Imagine you have been given a special assignment: to make sure every child in Afghanistan is able to receive school meals. If you are successful, you can save Afghan children from hunger and malnutrition. The meals will help children have the energy and strength to come to school and learn. In essence, you will be playing a huge role in building Afghanistan's future.
Your mission begins. You line up funding, of course, or you won't get anywhere. Once you have funding to purchase the food for the school feeding, can you buy it locally and help out Afghan farmers and food producers? Maybe you can, maybe not. You might need to mix local production with some imported food.
Then there is the transportation of the food. This is a decent challenge no matter where you are in the world. In Afghanistan though it is especially difficult as the road system is not well-developed. Weather can wreak havoc in parts of Afghanistan. There is also the issue of security for your food transport in a country plagued by conflict and unrest.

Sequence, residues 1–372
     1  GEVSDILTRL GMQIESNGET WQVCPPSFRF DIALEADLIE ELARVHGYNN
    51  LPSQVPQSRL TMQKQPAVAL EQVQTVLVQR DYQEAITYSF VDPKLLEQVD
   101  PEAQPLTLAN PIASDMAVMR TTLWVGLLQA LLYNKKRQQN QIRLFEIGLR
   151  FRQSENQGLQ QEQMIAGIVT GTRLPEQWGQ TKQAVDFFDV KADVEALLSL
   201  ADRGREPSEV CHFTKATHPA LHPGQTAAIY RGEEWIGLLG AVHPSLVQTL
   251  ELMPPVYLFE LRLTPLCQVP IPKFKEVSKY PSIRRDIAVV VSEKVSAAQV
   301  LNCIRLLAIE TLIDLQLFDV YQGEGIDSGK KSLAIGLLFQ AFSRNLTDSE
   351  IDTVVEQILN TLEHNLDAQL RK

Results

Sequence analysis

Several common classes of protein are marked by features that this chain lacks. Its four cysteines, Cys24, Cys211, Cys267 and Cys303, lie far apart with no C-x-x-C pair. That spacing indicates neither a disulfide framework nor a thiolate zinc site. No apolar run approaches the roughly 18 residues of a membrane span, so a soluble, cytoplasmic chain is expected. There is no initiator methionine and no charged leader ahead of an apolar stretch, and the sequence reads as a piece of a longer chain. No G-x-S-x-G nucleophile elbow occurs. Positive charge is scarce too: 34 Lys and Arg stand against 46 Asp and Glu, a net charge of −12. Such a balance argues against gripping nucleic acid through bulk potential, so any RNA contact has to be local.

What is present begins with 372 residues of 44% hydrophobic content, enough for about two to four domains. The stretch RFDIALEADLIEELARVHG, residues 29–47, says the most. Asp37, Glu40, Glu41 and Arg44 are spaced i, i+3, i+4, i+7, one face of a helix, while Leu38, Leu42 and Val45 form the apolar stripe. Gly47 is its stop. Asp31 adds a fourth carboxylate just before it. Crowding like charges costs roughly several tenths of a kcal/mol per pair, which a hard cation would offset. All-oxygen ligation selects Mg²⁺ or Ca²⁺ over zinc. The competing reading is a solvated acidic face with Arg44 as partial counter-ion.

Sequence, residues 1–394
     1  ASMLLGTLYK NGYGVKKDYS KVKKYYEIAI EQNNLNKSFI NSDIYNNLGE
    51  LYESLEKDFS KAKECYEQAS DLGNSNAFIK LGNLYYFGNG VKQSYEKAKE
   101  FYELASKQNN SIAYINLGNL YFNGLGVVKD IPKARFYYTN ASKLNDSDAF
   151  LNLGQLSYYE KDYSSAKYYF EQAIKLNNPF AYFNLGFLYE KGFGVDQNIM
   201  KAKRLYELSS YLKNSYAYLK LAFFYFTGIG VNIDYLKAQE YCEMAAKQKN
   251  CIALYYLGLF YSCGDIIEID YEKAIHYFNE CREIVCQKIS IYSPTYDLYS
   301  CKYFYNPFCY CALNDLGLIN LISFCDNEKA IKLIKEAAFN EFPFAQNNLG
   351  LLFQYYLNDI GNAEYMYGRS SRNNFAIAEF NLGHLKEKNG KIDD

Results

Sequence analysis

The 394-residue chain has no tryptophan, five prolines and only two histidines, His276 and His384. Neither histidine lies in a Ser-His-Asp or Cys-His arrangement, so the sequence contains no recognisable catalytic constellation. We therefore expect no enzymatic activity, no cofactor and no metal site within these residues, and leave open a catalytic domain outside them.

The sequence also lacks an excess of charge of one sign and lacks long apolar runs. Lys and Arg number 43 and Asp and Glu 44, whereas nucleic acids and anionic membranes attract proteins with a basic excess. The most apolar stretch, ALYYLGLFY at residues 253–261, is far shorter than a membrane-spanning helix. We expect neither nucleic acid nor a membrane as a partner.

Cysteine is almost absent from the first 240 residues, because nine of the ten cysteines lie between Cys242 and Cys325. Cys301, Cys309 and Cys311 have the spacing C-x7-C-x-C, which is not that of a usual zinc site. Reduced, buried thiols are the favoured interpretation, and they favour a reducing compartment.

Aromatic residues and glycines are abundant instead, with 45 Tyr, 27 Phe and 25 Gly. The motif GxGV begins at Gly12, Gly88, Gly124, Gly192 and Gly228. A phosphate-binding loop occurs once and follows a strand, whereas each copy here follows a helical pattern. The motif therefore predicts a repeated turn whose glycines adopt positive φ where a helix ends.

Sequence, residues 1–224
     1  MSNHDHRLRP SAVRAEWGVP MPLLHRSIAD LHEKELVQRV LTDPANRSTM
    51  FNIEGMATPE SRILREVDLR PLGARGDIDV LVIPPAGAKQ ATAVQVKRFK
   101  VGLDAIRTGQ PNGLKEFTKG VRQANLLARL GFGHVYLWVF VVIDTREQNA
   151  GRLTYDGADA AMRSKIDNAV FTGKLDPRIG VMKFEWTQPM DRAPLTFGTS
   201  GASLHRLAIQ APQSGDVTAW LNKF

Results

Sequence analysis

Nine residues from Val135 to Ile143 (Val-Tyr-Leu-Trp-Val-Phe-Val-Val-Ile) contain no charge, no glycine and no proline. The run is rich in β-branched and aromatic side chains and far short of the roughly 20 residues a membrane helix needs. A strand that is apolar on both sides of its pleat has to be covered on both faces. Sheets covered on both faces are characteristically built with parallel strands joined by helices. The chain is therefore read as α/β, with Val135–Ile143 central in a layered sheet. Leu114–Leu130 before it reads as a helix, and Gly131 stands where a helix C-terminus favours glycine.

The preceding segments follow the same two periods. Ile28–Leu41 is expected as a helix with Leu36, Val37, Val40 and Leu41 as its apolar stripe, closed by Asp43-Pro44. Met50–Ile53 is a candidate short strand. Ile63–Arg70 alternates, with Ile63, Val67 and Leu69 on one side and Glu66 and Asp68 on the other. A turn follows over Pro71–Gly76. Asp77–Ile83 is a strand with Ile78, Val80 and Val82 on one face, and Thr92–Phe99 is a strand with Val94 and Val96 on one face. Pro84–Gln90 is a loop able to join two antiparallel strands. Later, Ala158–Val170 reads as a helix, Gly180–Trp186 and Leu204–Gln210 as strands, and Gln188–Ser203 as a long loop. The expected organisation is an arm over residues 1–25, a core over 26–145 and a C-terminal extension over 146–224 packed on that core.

Stuck In The Mud in Afghanistan: Drivers have to dig trucks out of the mud or shovel dry dirt onto the roads in order to get vehicles moving again. (WFP / Hukomat Khan)
In a nutshell, these are some of the challenges facing the UN World Food Programme (WFP) as it tries to provide food for schoolchildren in Afghanistan. WFP is the largest food aid organization in the world and it is entirely voluntarily funded by governments and the public. WFP's goal is to work with the Afghan government to provide meals for every child at school as well as take-home rations. This food also serves as an incentive for parents to send their children to school. The stronger the school feeding program, the stronger the enrollment and class performance.